Photo Point Monitoring
What is photo point monitoring?
Photo point monitoring provides an easy and inexpensive way to monitor and track changes of a stream or lake. Photos may be used to document efficacy of new management practices and locations should be strategically placed to capture the monitoring objective.
Photo point monitoring is utilized by many agencies, including the Division of Water Quality, to document changes in stream shape, riparian habitat or other land use improvements. Photos are taken on a regular basis (once a month, quarterly, yearly etc.) from the same position and field of view. Using site marking and good documentation, photos can be taken by multiple people and remain consistent.
- Hold the camera at eye level. Try to include about 1/3 sky in the photo for scale and for consistent replication.
- Take the photos in early morning, late afternoon or slightly overcast days to eliminate harsh glares or dark shadows. Avoid days when visibility is poor due to fog or heavy rain.
- Photos should include as much of the water body and its banks as possible.
- Print off copies of your first set of photos and keep them in your notebook. Use these as a reference when taking new photos, taking care to line them up exactly.
It depends on the project and the changes you are hoping to capture (monthly, quarterly, yearly, etc.). To capture seasonal changes, Tier 1 volunteers collect points three times a year, in April, July and October. Take additional photos when you notice something different to document.
Where to take the photo?
Tier 1 volunteers:
- For a stream: Take photos facing upstream and downstream from your site.
- For a lake, reservoir or pond: Take photos facing left bank and right bank, and straight out from your site.
- You may need to take photos from a nearby spot to have a good view of your water body. If so, take notes on the location you took the photo from and email these notes to email@example.com, so they can be added to your site registration form. We recommend taking the photo from an easily found object like a large tree or a bridge post.
- How to Take a Photo
- Sharing the photo
Tier 2 volunteers:
You will likely be taking photos at pre-determine sites in which case you may skip to taking a photo. If you are setting up a new site, here are some things to consider.
- What are the changes we are looking to document?
- Will the photo capture the "area of interest"?
- Is the location consistently easy to access?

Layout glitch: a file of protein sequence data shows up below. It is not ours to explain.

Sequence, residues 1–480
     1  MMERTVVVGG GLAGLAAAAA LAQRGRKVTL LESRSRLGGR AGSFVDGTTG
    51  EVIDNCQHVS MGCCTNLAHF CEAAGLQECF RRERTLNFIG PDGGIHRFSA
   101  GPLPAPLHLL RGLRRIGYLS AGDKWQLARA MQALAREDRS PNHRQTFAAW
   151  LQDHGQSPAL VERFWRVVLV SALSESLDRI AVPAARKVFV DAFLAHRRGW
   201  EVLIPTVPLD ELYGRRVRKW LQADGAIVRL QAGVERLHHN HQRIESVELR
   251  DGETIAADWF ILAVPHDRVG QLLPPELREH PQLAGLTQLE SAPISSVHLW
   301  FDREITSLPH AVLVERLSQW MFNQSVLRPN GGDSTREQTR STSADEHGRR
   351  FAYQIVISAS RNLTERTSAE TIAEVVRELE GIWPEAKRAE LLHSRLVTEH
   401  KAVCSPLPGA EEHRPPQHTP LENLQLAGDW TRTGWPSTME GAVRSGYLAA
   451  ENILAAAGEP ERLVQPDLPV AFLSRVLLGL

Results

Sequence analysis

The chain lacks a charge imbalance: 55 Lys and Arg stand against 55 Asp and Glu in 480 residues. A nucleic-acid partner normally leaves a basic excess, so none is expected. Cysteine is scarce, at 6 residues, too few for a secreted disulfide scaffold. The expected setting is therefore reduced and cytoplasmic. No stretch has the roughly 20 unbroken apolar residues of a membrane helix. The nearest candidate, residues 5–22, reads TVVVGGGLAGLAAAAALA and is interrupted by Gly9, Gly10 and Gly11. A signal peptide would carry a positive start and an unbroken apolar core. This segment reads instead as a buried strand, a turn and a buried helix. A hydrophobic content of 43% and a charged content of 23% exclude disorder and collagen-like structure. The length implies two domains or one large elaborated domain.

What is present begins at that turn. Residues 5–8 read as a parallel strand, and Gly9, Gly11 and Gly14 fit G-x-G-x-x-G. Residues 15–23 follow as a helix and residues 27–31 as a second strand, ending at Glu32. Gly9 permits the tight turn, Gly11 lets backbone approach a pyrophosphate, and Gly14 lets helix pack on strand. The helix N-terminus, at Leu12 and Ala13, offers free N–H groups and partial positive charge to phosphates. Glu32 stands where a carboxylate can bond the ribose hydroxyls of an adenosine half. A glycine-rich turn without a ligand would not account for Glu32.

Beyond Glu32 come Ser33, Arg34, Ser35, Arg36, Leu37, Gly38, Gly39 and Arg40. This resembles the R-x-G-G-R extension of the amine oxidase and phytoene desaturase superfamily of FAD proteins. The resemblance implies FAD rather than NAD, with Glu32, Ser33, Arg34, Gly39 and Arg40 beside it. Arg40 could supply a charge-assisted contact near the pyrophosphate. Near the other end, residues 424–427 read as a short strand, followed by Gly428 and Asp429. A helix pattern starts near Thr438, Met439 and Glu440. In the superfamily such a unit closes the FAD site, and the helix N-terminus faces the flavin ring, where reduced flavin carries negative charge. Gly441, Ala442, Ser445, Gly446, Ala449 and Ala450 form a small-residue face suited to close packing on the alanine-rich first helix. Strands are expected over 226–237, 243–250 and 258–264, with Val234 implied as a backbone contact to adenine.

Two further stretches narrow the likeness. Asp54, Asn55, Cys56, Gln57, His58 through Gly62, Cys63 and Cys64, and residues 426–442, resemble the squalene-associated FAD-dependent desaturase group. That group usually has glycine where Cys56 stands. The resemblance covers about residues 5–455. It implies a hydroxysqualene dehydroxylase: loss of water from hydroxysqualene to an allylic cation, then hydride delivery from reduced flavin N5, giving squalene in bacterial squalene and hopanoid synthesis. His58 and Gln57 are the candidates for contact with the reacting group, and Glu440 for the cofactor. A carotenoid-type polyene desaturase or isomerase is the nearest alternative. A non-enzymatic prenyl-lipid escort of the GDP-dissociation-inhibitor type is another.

- Will the location of the photo point need ot change over time? (ideally no)
- You want as much of your site visible as possible from the photo point location.
Fill out a photo point registration form
- The site name (your UWW site name, or assigned by coordinator)
- The retake frequency (e.g. seasonally, monthly, etc.) Mark these dates on your calendar so that you do not forget. This frequency will be established specific to the project and need.
- The subject and purpose of the photo point monitoring site (e.g. ‘Monitor UWW site’, or ‘To document recovery after bank stabilization’)
- Establish a site marker: Determine a marker from which you will be taking photos. An ideal marker would be something permanent like a large tree or a bridge. Describe and take the GPS points of the marker. Take photos of the marker and place in Google Drive in your ‘notes’ subfolder. Label the photo ‘site_marker_X’ GPS points should be taken in the decimal degree format e.g. 31.542321342 ̊N, 152.463564354 ̊W
- Determine the direction photos are to be taken and record these on the registration form.
- When you have completed the form, scan or take a photo of the form and upload it into the Google Drive ‘notes’ folder associated with the site, this form will be used as reference for taking photos. Be sure to send the form to firstname.lastname@example.org
Please name the photos including the official site name (as on your site registration form), direction.
Tier 1: Use UP or DOWN for streams and LEFT or RIGHT when on the bank) or N-S-E-W Cardinal directions for lakes. Example: SAP01L-UP-06252017
Tier 2: use cardinal directions (N-S-E-W). Also include the date mmddyyyy. .
Uploading the photo:
If you are using the CitSci database to submit data, submit the photos at the end of the datasheet.
If you are taking the photos for additional projects, UWW or the project coordinator will arrange a location to share the photos.